Bismarck & Napoleon III
Origin of Reich’s




The three Reich's refer to:
The First Reich - The Holy Roman Empire, from the 10th
century and ending in the 19th century. It spanned the
territories that Charlemagne conquered.
The Second Reich - The German Empire, from 1871 to
1918, where Otto von Bismarck united all of Germany,
ending with the defeat of Germany after WWI and the
birth of the Weimar Republic.
The Third Reich - Hitler's Nazi Germany, from 1933 to
1945. Hitler was obviously hoping to recreate the glory (and
territories) of the Holy Roman Empire, and chose the name to
reflect it.
German
Imperial Flag
German for “Empire.”
Bismarck Manipulating the Reichstag
Bismarck’s Kulturkampf:
Anti-Catholic Program
Take education and marriage out of the
hands of the clergy  civil marriages only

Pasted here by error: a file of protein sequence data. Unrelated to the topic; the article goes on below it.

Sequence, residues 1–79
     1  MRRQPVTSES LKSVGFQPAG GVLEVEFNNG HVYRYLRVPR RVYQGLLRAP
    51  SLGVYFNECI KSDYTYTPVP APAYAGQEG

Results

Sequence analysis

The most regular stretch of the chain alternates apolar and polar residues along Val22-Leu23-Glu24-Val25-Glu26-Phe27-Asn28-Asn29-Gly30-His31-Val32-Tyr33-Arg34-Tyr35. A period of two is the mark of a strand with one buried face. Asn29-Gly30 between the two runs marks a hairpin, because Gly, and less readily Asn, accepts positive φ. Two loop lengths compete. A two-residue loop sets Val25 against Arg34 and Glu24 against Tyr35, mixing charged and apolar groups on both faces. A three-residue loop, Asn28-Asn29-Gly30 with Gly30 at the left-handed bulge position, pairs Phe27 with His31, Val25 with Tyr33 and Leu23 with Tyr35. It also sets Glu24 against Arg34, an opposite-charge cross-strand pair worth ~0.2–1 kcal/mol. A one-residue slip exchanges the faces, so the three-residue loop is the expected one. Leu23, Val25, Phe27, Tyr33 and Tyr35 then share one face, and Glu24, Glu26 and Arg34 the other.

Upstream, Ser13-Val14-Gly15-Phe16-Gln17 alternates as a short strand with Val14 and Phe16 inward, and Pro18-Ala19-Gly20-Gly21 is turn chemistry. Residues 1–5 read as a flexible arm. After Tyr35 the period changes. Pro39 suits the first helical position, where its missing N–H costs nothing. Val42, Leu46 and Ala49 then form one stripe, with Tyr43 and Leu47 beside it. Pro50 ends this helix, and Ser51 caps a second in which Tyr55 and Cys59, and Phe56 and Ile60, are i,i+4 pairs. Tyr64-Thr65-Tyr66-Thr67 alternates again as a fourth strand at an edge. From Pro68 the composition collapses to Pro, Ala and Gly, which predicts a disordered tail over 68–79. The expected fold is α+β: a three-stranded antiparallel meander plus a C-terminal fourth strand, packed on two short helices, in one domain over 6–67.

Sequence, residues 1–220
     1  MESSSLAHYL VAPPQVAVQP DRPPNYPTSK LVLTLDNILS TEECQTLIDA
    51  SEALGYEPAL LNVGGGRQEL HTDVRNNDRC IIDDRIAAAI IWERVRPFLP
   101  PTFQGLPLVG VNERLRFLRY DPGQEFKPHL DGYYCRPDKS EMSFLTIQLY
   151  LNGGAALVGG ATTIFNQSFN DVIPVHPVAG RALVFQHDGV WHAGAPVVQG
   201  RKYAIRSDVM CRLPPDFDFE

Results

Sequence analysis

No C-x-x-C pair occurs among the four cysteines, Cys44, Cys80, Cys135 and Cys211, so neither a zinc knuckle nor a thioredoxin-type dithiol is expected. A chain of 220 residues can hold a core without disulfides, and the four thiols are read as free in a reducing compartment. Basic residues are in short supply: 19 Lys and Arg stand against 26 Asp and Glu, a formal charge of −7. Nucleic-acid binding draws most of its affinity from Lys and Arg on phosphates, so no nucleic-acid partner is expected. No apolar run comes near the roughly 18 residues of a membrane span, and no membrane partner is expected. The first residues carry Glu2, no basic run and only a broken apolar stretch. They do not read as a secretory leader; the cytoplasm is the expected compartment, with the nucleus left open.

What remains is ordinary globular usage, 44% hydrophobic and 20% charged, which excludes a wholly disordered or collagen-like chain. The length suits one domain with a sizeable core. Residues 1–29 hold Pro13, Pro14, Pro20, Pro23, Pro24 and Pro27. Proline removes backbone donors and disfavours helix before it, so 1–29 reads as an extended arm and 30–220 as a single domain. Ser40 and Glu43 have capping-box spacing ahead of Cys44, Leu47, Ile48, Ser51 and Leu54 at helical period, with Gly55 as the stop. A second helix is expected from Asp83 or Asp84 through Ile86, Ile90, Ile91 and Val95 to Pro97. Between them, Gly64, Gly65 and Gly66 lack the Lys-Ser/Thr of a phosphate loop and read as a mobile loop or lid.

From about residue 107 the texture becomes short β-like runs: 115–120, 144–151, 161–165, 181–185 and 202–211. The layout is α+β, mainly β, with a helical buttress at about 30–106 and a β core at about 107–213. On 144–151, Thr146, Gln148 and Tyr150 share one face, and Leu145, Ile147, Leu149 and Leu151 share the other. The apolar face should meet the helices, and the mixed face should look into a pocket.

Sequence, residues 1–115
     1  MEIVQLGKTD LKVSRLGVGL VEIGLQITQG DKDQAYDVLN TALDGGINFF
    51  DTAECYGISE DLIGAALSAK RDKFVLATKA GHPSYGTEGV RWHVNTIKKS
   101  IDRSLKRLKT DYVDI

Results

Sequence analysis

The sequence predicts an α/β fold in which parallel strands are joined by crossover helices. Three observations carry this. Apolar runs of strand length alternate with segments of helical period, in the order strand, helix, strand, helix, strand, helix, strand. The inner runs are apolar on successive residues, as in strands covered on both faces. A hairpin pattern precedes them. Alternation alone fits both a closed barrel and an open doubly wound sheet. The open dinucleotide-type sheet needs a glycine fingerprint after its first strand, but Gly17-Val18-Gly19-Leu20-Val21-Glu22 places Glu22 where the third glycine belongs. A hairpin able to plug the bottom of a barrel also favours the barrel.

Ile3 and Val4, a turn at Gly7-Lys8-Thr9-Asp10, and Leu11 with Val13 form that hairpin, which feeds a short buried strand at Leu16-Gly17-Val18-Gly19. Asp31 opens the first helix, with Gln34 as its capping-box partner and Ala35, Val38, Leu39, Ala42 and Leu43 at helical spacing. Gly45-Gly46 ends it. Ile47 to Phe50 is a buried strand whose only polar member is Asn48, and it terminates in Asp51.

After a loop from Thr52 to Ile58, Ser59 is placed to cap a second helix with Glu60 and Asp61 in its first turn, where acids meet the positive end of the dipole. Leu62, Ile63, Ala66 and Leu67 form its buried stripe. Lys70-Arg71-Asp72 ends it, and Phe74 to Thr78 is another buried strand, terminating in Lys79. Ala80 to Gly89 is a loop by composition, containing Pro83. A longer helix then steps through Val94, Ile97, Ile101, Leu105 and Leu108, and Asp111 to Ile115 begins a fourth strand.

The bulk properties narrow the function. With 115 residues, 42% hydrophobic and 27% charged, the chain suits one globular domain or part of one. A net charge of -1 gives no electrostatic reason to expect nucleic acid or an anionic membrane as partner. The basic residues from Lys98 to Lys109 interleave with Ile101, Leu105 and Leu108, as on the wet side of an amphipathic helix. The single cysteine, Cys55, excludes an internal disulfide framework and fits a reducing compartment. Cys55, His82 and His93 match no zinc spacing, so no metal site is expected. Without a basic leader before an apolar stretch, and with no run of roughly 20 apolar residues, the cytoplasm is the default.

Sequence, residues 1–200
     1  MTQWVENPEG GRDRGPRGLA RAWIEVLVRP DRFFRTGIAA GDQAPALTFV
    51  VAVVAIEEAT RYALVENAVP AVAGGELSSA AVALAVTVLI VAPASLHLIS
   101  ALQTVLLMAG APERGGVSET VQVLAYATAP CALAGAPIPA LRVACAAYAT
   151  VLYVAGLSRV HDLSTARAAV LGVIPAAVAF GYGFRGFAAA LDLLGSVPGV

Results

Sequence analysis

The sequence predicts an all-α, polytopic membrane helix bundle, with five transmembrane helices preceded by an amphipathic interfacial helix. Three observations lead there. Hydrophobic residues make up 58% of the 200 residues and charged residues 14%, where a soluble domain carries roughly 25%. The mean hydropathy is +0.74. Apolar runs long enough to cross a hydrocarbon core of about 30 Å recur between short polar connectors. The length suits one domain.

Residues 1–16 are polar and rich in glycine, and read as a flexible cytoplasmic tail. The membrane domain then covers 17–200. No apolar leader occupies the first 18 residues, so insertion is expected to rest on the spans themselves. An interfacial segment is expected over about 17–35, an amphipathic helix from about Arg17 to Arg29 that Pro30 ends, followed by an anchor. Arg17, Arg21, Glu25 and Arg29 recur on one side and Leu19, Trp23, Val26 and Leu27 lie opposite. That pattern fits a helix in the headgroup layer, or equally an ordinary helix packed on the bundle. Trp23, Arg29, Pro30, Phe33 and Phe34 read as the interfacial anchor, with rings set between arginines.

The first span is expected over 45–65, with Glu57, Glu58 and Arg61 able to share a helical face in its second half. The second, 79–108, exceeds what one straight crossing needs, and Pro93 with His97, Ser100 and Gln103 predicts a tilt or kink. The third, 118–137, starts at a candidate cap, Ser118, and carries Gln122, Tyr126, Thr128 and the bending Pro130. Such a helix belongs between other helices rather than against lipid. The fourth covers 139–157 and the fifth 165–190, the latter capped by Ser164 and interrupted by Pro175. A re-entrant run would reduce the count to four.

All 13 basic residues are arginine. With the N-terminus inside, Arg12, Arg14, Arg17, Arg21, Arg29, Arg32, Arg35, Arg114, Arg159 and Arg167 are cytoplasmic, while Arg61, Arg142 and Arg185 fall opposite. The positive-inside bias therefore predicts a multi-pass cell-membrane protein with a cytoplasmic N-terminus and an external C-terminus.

recognized.
The Jesuits are expelled from Germany.
The education of Catholic priests would be
under the supervision of the German
government.
Bismarck’s Reapproachment
With the Catholic Church
Bismarck & Pope Leo XIII
Kaiser Wilhelm II [r. 1888-1918]
Kaiser Wilhelm II
Friday
Bell Ringer (15 minutes)


Study the Moe Notes, your workbook, and Venn
Diagram for the test.
Organize ALL handouts, workbook home study,
and materials in ORDER and staple them together.
Make sure your name is on the first page. File the
packet in the teacher’s mailbox in Period 1’s
drawer.
Formative Quiz (100 points)

Take test:
 www.moes-place.weebly.com
 World
History – Trenton
 Take test called Rise of Nationalism in Germany –
1800’s
 Submit responses
Monday
Bell Ringer (15 minutes)


Read the Witness History on page 514 and copy
and answer the question in one complete sentence.
As a class discuss the Infographic “Unifying Italy”
on page 517. (Don’t have to copy and answer)
Unifying Italy
Although the people of the Italian
peninsula spoke the same
language, they had not
experienced political unity since
the Roman times. By the early
1800s Italian patriots were
determined to build a new,
united Italy.
Under the Congress of Vienna,
Austria controlled northern Italy,
the Hapsburg monarchs ruled
various other Italian states, and
the French Bourbons were put in
charge of Naples and Cicily.
Unifying Italy